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Save installation time with new-generation ATS

29 August 2018

Len McGanity, Product Manager for ABB, explains the importance of Automatic Transfer Switches (ATSs) and how the latest generation of switches can save time and effort when installing critical power and fire safety systems.

What’s the purpose of ATSs and why are they useful?

Even the most reliable power supplies rated at five nine reliability (99.999 percent) will go through an outage at some point. The consequences of a power outage for mission-critical sites such as hospitals, datacentres, telecoms sites and commercial and industrial sites could be incredibly detrimental. 

ATS units protect power continuity by ensuring a smooth transfer of power from mains to secondary supplies if an outage does occur. ATSs are also used in high-rise residential and commercial buildings served by sprinkler pumps, smoke extractors fans, emergency lightning and fire lifts. The ATS switches loads and powers up backup generators, before switching back again – but only when it is safe to do so.

Today, ATSs are installed in virtually every building more than three stories high. Since the Grenfell Tower tragedy, safety systems towers and tall buildings are a particular area of scrutiny – so it’s worth reviewing assets and comparing them with the latest technology. 

What are the most important features in an ATS?

As ATSs play a pivotal role in mission-critical applications, it is essential that they have high-reliability. Therefore, it is worth choosing one with as few electronic connection points between the switch and its controller as possible. Electronic points can be a potential source of failure, and some ATSs may feature as many as 30 connection points. However, the latest ATSs have a higher inherent reliability due to only having a single digital wire connector. 

It is also worth choosing an ATS with a self-contained design that has plug-in modular accessories. This avoids the need for external components, accessories, wires and cables and it also enables the use of standard cabinets. This saves time and effort during installation and is useful for panel builders when the customer has specific requirements.

It is also helpful to reduce downtime and service costs for operators as they can change modules quickly if needed. 

Another consideration is the ability to withstand harsh and extreme environments, often found in industrial settings. An ATS should operate reliably in the most unexpected situations and in spite of extreme temperatures, voltages, vibration or exposure to a short circuit. To achieve this, the latest generation of ATSs have in-built condition monitoring, to ensure that when the operator needs to switch to back-up the ATSs are always ready.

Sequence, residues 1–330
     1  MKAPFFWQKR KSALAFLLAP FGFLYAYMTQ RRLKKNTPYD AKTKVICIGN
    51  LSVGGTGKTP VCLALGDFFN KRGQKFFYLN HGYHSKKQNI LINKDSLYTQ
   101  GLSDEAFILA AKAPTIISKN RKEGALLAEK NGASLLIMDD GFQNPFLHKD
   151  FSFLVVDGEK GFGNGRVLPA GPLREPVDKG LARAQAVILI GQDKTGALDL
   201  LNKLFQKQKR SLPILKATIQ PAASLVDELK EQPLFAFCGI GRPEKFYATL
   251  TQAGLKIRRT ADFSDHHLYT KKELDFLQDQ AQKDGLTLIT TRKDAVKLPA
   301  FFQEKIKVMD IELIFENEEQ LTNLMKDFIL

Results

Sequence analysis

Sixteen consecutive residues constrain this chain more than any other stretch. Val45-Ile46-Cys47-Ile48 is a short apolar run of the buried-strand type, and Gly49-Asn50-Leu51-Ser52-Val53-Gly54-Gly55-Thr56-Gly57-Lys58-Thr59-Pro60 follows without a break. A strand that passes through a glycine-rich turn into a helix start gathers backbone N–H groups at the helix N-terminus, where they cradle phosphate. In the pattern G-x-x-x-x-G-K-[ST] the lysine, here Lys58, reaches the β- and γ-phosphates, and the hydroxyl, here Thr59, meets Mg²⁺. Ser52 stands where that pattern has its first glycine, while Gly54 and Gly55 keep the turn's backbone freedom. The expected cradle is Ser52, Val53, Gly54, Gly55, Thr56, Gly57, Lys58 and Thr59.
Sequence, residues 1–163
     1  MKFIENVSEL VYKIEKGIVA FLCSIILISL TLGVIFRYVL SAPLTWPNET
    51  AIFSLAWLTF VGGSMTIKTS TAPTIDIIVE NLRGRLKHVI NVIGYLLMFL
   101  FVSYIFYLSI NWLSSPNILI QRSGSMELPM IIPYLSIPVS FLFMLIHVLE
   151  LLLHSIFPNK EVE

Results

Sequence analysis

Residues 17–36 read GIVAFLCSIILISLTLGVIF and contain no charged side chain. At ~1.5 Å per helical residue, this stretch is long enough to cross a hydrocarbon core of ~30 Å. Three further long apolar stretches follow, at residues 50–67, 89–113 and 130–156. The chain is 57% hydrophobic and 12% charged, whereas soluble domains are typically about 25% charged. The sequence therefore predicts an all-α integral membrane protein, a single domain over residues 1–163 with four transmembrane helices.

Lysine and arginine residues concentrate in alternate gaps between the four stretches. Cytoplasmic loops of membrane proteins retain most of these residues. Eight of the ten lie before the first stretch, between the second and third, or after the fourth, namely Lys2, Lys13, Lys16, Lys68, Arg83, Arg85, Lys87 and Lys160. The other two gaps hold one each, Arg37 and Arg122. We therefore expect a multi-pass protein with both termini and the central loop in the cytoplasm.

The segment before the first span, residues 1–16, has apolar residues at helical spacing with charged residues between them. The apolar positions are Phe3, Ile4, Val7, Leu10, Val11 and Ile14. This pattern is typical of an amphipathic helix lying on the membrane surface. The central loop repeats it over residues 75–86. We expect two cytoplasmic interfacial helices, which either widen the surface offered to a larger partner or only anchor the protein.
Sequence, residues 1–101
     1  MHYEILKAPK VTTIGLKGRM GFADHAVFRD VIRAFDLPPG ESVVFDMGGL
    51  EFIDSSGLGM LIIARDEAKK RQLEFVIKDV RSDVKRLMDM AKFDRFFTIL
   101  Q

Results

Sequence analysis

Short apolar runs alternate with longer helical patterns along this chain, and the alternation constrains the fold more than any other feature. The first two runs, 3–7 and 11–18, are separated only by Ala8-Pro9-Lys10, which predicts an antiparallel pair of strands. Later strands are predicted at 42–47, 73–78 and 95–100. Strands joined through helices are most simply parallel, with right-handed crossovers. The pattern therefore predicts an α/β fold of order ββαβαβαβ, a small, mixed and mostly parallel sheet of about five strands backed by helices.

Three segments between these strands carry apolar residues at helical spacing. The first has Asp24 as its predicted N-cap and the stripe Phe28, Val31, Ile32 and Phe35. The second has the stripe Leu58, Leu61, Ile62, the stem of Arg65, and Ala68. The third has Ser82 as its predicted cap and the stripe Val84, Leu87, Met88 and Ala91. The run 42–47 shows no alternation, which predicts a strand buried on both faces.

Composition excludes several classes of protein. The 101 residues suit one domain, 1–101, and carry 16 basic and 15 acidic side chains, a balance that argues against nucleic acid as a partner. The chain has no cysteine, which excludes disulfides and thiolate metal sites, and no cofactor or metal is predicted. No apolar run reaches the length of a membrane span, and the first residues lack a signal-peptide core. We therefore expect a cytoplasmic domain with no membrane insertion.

What communications interfaces are important?

Cloud-based monitoring and control is on the rise – facility managers now want remote and cloud-based control, monitoring and diagnostics to make the most of operating budgets by carrying out maintenance only when it is required. 

With built-in metering, diagnostics and a flexible communications interface with external control systems, the latest generation of ATSs can support these ambitions. The interface also allows for remote programming, configuration and testing during the installation and commissioning phase. When it comes to needing to save time on a project for a facility that has tens of ATS units on different circuits this can be a great advantage. 

Compatible with a facility’s existing technology is also important, so it’s worth making sure if the chosen ATS uses the right protocol for the facility. In some units any two can be used at the same time from Modbus, Profibus, DeviceNet, Modbus TCP, Profinet, EtherNet/IP and Open ADR, and the IEC 61850 smart grid communication protocol. 

What other services can an ATS provide?

Non-critical automatic load shedding is possible with modern ATSs. They can automatically disconnect low priority loads. This is ideal for sites equipped with backup generators that are only sized to power essential equipment.

Why has ABB developed the TruONE ATS?

The feedback from the industry is that the current ATSs are complex to install because they require a variety of sensors and interfaces. 

As a result, ABB developed the TruONE ATS as the first device to incorporate the switch and controller into a single package that can accommodate accurate metering, sensors and communications modules. Compatible with standards in North America, Europe and Asia, it allows for straightforward installation in standard enclosures. It also offers future-proofing because it enables remote diagnostics and cloud-based monitoring such as the ABB Ability digital platform. 

Ergonomic studies found that the TruONE can speed up installation by 80 percent and cut cabling and commissioning time by up to 90 percent. This is thanks to the single digital connector between the switch and the Human machine Interface (HMI), allowing the HMI to be mounted on the exterior of a panel door, where it is completely isolated from line voltage – enhancing safety for operators. 

The TruONE also allows for emergency manual operation under load, so an operator can restore power immediately in the case of an equipment malfunction. This avoids the need to evacuate a building in order to manually change over the supply. In terms of mechanics, the switch uses new materials and construction to make load transfer more reliable. 


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